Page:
There was a deadly clash in northern Syria on Tuesday, but it was different than many other such episodes over the past 14 months of the Syrian uprising.
This time, United Nations monitors were watching. The monitors are in Syria to keep an eye on the government forces and the opposition, who are supposed to be observing a cease-fire and opening a dialogue.
But the trouble Tuesday began with a funeral the northern Syrian town of Khan Sheikhoun.
The partisan divisions on Capitol Hill are numerous β but Wednesday morning, about two-dozen members of Congress did something entirely nonpartisan. They ran in a 3-mile race for charity, along with their staffs and teams from the executive and judicial branches and the media (including NPR).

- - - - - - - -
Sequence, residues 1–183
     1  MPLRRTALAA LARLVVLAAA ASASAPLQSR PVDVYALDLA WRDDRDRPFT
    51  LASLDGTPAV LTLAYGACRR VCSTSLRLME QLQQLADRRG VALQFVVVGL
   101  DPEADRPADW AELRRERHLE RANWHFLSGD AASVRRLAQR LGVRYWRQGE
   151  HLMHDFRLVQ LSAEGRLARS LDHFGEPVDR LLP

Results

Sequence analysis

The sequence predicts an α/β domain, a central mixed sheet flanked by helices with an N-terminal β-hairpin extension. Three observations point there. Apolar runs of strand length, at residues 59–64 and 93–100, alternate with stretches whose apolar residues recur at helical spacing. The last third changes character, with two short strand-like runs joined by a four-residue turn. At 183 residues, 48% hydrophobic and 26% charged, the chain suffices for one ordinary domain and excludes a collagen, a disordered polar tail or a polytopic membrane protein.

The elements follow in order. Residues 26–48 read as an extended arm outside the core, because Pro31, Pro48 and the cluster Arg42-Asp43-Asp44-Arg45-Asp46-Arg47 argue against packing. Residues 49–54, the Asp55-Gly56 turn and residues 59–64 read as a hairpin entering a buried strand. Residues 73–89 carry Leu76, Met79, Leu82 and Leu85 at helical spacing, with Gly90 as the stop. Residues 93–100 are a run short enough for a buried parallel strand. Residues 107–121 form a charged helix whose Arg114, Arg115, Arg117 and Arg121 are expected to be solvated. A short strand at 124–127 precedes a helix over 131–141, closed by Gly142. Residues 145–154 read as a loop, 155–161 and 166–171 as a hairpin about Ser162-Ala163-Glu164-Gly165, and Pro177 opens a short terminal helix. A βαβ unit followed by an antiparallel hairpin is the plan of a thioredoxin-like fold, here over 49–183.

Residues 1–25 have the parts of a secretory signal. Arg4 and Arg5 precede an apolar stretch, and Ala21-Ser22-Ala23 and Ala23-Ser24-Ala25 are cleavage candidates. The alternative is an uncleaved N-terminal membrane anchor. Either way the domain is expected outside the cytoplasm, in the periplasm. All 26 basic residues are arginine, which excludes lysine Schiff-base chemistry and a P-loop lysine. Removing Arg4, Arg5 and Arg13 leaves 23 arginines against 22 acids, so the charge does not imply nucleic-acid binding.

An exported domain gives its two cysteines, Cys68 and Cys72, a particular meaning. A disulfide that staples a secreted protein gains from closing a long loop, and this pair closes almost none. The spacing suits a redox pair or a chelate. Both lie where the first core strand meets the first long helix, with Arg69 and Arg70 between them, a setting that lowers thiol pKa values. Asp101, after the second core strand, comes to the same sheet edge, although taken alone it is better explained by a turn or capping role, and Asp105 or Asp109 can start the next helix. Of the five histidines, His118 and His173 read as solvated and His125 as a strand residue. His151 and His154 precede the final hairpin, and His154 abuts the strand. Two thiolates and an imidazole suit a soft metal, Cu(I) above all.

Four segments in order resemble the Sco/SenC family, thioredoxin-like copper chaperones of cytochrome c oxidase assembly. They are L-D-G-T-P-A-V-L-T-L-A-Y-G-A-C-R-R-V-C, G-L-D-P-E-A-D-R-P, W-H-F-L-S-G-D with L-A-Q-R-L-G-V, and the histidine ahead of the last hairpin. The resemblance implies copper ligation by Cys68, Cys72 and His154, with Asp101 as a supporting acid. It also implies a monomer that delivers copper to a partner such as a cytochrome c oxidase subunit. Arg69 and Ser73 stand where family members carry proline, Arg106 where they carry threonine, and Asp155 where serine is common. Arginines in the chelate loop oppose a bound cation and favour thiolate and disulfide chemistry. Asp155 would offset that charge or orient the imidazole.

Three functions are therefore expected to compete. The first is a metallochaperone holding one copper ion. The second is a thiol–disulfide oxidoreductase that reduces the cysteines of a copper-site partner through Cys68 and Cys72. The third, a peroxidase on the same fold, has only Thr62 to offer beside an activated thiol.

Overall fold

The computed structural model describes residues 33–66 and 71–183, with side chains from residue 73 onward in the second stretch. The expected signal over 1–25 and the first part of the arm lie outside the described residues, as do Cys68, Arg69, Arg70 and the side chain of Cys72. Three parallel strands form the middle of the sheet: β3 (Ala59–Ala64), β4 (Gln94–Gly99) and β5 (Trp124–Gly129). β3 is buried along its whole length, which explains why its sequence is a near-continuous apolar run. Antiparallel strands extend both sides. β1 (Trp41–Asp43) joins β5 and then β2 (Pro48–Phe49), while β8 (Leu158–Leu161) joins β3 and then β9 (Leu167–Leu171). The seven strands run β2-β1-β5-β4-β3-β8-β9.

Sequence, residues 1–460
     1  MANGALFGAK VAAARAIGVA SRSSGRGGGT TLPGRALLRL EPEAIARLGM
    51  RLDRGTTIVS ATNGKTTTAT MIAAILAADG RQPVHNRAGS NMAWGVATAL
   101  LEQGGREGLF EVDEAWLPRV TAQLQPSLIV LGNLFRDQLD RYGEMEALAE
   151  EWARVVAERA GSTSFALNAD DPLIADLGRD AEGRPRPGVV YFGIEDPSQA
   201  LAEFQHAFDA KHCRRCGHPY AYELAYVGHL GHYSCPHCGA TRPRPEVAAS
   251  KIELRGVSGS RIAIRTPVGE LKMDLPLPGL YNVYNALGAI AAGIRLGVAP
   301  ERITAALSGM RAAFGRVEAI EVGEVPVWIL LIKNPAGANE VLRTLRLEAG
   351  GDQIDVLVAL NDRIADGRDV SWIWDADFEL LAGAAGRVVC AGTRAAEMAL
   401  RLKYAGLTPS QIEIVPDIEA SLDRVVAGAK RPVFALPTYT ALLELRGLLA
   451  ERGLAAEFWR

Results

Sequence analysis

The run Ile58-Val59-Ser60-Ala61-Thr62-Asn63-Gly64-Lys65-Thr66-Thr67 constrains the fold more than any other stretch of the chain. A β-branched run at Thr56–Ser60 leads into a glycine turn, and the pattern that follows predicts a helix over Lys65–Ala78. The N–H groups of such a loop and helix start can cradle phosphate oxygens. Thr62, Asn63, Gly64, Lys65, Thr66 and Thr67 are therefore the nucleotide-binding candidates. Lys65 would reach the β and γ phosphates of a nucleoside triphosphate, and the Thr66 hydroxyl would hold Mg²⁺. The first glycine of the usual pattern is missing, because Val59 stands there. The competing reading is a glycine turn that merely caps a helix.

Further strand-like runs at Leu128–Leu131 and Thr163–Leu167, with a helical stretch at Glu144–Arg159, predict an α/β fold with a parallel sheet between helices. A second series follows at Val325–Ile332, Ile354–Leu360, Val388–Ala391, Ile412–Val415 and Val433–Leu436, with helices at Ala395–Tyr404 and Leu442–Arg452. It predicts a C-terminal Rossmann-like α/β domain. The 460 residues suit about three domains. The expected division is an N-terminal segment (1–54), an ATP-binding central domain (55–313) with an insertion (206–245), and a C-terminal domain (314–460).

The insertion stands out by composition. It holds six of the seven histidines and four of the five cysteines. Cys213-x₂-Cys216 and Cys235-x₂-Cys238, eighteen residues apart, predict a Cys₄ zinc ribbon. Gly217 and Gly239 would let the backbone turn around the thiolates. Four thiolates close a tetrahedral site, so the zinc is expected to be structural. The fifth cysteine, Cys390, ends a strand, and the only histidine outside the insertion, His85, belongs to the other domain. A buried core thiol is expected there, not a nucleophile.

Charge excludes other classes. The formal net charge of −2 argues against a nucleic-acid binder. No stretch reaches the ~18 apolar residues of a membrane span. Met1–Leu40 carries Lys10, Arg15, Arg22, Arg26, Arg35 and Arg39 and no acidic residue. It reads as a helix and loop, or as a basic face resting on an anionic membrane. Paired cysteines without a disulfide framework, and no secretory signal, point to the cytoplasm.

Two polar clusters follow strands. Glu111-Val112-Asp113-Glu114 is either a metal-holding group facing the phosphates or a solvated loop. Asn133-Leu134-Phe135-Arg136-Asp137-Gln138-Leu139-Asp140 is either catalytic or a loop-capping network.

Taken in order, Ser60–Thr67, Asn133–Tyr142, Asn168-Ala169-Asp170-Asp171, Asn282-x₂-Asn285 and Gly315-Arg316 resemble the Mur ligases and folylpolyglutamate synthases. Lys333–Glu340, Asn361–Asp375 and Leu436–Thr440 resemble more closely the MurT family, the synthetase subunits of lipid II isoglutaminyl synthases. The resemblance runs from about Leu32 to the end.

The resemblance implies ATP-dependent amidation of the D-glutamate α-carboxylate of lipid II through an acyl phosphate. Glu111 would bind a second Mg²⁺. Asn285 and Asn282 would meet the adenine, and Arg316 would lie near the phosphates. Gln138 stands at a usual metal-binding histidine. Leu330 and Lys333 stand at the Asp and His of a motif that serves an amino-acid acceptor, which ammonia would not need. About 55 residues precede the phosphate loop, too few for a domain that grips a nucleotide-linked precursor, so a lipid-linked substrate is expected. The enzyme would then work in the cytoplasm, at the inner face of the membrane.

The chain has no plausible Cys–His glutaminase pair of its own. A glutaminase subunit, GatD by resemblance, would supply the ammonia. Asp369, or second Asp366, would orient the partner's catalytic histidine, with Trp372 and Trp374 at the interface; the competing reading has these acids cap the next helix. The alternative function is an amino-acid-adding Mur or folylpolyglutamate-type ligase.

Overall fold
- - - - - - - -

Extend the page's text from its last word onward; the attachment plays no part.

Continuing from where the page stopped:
The ACLI Capital Challenge is an annual tradition that dates back to 1981, and one senator has run the race every time: Dick Lugar, R-Ind. But Wednesday's race was also his last.
Since a small contingent of Marines landed in the northern port town of Darwin last month, the U.S. has shown greater interest in using Australian military facilities as part of a larger effort to refocus its military capabilities in Southeast Asia and the western Pacific.
"We have no better ally or friend in the world than Australia, and we have no area in the world which is as important or dynamic over the next 50 years as the Asia Pacific," says Jeffrey Bleich, the U.S. ambassador to Australia.
For almost 20 years, the UniverSoul Circus has been pitching its tent in urban plazas across the country. The circus was founded by a Baltimore native as a showcase for black talent, one that he hoped would inspire black audiences.
In more recent times, the circus has evolved into an eclectic mix of acts from around the world. Now, it's pushing to diversify its audience, with a show called "Us."
Strength, Precision And Crowd-Pleasing Nerve